Sunday, June 1, 2008

Bankruptcy Finagling

"Two court cases in Texas are set to begin Wednesday that will help determine the future of Mexican conglomerate Grupo Mexico SA [GMSA] and that of its former U.S. mining unit Asarco, a company the Mexican firm bought amid controversy a decade ago and lately placed in bankruptcy protection. ... Any bid will have to be rich enough to satisfy more than $1 billion in outstanding cleanup claims by federal and state governments against Asarco for environmental damage associated with a century of mining across the Western U.S.. ... Crucially, [GMSA] says it will submit an offer of its own. Also Wednesday, pretrial motions are being heard in civil proceedings due to begin in a U.S. district court in Brownsville, where Asarco's current mangement is suing [GMSA], alleging that the Mexican company stripped Asarco of its key assets and forced the company into bankruptcy to avoid paying its environmental obligations. An unfavorable ruling in the civil case could cost [GMSA] around $10 billion, including punitive damages. ... Essentially, Mr. [German] Larrea is hoping to win control of Asarco again in the bankruptcy case, so that if he loses the civil suit and must return assets to Asarco, he would arguably be returning them to another company under his control, say lawyers familiar with the case. ... Ironically, [GMSA's] core holdings in the state of Sonora had at one time had belonged to Asarco before being nationalized by previous Mexican regimes. In 1999, [GMSA] outbid U.S. mining leaders Phelps Dodge and Cyprus Amax Minerals to acquire Asarco. In 2004, [GMSA] shifted Asarco's controlling stake in another large mining unit, Southern Peru Copper Corp. [SPCC], into one of its other subsidiaries. ... A shift in federal law in the 1990s allowed companies to shed some environmental laibilities through bankruptcy, where governmental and outside groups seeking cleanup funds have to compete with bondholders, suppliers and other creditors. In February 2007, resolution of the bankruptcy proceedings was complicated when Asarco's trustees--appointed by the bankruptcy court--sued [GMSA], charging fraudulent conveyance in the [SPCC] transaction. ... Today, after five years of rising prices, the value of Asarco's [SPCC] shares would be valued at considerably more, up to $10 billion by some estimates", WSJ, 30 April 2008.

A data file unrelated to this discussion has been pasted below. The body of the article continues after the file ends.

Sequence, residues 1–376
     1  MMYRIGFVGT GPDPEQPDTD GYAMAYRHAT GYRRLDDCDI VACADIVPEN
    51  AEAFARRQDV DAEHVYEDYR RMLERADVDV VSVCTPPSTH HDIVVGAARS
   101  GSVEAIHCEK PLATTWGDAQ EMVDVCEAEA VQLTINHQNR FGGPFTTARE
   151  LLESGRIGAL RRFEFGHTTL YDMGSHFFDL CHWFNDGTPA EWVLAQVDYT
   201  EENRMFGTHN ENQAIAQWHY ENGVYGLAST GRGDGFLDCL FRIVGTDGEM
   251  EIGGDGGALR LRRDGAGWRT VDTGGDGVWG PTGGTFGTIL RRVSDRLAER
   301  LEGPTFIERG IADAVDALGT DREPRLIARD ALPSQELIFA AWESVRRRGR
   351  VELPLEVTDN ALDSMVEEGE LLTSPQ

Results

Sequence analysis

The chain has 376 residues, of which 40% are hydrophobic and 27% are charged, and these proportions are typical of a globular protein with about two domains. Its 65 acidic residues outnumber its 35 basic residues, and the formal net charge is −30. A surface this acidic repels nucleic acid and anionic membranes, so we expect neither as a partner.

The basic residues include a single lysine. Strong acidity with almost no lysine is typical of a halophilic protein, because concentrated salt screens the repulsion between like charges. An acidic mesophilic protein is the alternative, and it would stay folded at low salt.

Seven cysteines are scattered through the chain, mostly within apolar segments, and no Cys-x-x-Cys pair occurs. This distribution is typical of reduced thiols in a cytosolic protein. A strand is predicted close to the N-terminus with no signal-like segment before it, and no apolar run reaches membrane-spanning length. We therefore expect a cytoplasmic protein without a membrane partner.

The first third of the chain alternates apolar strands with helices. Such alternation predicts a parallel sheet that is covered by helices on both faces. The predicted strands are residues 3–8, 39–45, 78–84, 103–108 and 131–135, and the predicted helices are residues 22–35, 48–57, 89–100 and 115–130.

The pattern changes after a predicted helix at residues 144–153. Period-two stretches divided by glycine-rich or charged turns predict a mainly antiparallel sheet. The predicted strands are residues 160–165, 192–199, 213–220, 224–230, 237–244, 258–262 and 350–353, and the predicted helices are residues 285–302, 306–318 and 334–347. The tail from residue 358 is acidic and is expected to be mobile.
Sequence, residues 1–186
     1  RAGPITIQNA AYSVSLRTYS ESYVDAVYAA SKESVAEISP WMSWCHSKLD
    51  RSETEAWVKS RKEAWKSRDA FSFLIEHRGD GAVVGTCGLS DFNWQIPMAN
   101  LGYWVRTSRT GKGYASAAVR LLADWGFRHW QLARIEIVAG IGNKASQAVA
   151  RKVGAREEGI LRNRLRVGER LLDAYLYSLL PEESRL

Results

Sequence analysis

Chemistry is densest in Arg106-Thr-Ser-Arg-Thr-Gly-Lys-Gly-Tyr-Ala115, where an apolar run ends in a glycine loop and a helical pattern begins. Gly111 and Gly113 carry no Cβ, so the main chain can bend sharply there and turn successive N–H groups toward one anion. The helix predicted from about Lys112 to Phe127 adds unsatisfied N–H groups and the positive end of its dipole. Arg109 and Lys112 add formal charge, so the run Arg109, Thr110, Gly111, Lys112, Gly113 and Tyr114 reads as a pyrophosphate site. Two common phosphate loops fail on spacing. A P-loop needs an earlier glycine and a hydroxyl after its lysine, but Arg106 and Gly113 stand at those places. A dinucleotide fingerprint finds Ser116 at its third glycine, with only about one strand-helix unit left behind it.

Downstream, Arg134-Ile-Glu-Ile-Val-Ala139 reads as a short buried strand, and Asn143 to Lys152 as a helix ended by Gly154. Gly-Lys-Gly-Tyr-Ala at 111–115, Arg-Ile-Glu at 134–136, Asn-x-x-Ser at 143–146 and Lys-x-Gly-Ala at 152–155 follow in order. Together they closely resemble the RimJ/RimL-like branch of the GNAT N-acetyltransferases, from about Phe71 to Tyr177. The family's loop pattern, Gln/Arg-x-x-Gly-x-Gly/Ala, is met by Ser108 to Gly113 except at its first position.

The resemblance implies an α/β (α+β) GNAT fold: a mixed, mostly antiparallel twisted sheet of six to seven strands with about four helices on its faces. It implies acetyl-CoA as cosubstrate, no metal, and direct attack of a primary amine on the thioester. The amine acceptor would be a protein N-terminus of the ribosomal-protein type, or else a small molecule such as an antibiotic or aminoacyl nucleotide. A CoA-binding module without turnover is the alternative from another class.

This case stinks. That indictments haven't been passed out like candy bars at Halloween, I see as another instance of Bush's DOJ not doing its job. I refer the DOJ to two cases: US v. Switzer, 257 F2d 139 (1958) and US v. West, 22 F3d 586 (1994). I concluded GMSA effected a fraudulent conveyance in the SPCC transaction. Such transaction might also be criminal under 18 USC 152, bankruptcy fraud. In Switzer, in 1949 a NY attorney divided a client, Berkeley Jewelers, into two entites, one held the assets the other the liabilities. One went bankrupt. The court held Switzer's conduct criminal. In West, West delayed his bankruptcy a year and a day from a transaction, thinking the trustee would ignore it. West's conduct was held criminal. Where is the DOJ to prosecute Larrea and any attorney who was involved in this fiasco? Nowhere as our State Department might object to such prosecution. I have followed Asarco for years. Full disclosure: I was once an Asarco stockholder and was surprised GMSA outbid Phelps Dodge and Cyprus. Within a few years it was obvious why.

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